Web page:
3 brigl'll; bright B. S. and W., percent 20 4.1 0.05 Base No. (acetic) 206 1 Moles excess (overbasing) Ba. 2 Fluid.) Slight haze (fluid). 4 (Viscous) Procedure: All of the materials, except the methoxy EXAMPLE 3 ethanolic solution of BaO, were added to a 12-liter reaction flask. While employing mechanical agitation the contents of the flask were heated to -50 C. Then 1350 ml. (75% of total requirement) of the methoxy ethanolic solution of BaO was added over a one-hour period. Upon completion of the addition the admixture was agitated for one hour. The admixture was then heated to a pot temperature of 90 C., with the volatile materials being removed overhead. Next the admixture was carbonated with gaseous CO (-l400 ml./ min. for minutes) until the admixture was acidic to u-naphthol benzein indicator. At this point the remainder (450 ml.) of the methoxy ethanolic solution of BaO was added. The solvents were 75 This example illustrates the effect of adding varying amounts of the alcoholic solution of BaO to the initial admixture. A different sulfonic acid, than in Example 2,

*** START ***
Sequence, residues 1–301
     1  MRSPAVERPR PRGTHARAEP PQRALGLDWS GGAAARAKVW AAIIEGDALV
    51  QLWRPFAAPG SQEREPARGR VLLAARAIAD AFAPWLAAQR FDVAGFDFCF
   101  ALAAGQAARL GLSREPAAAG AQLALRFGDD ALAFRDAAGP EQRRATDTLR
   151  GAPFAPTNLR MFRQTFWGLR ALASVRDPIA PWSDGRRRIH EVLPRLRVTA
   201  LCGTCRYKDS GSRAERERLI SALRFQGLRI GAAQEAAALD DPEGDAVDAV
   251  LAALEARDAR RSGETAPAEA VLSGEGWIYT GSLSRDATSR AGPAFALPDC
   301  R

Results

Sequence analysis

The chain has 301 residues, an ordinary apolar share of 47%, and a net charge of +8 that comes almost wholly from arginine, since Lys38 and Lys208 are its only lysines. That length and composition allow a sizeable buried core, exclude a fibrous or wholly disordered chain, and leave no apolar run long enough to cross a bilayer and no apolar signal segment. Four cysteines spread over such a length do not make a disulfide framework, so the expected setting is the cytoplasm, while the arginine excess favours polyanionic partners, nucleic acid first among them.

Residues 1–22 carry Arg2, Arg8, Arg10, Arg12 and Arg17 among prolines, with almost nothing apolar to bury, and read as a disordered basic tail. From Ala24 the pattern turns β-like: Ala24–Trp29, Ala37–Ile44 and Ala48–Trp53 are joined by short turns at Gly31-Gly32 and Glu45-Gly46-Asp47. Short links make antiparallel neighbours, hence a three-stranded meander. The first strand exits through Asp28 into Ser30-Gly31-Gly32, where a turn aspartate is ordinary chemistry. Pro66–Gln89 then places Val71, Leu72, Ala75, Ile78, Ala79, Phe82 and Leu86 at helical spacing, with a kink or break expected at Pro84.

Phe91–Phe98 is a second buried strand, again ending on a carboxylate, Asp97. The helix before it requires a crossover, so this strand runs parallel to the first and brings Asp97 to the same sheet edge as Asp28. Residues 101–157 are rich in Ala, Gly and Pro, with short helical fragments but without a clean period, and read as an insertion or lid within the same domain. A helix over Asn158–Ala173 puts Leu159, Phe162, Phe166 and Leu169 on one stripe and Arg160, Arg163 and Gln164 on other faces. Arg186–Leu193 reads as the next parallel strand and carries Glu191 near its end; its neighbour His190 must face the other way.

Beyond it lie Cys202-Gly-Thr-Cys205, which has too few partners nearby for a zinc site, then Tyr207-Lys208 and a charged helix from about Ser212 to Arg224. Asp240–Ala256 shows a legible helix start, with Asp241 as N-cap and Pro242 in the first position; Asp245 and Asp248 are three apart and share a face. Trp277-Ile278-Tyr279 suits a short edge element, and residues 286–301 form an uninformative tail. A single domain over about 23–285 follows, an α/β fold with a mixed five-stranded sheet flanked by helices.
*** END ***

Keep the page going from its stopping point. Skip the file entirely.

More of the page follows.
is used.

Materials The following materials were used in both runs of this example:

1 Sulfonic acid derived from a NAB Bottoms. Specifically it was an unstripped bottoms product from the production of Nalkylene 500.

Process: The procedure used was substantially the same as in Example 1.

The following tabe (H) shows the other materials used, reaction conditions, and properties of the product.

TABLE II Run A B atcrial:

Methoxy ethanol, g 250 306. 3 Water, In 6. G. 1 Methoxy ethanol solution of BaO (24.2% Ba) g. (ml.) 232 (180) 232 (180) Ratio B I 100 75/25 Carbonation temperature, 0.:

First 0O 00 Second 120 140 Product:

Percent Ba, target 25 25 Appearance Base N o. (acetic) 189 Percent Ba, actual (wt.) 26. 3

1 Very hazy. 1 Bright and fluid.